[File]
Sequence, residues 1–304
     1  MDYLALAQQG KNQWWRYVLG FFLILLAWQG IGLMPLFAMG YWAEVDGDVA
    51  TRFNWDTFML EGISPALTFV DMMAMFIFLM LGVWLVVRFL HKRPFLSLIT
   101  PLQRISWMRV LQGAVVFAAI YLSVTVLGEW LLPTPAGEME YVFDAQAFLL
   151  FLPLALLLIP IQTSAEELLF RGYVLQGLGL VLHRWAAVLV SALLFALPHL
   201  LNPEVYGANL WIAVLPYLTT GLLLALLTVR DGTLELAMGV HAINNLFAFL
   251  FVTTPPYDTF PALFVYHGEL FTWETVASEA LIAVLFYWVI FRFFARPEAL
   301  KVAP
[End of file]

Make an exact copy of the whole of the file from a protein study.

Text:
Sequence, residues 1–304
     1  MDYLALAQQG KNQWWRYVLG FFLILLAWQG IGLMPLFAMG YWAEVDGDVA
    51  TRFNWDTFML EGISPALTFV DMMAMFIFLM LGVWLVVRFL HKRPFLSLIT
   101  PLQRISWMRV LQGAVVFAAI YLSVTVLGEW LLPTPAGEME YVFDAQAFLL
   151  FLPLALLLIP IQTSAEELLF RGYVLQGLGL VLHRWAAVLV SALLFALPHL
   201  LNPEVYGANL WIAVLPYLTT GLLLALLTVR DGTLELAMGV HAINNLFAFL
   251  FVTTPPYDTF PALFVYHGEL FTWETVASEA LIAVLFYWVI FRFFARPEAL
   301  KVAP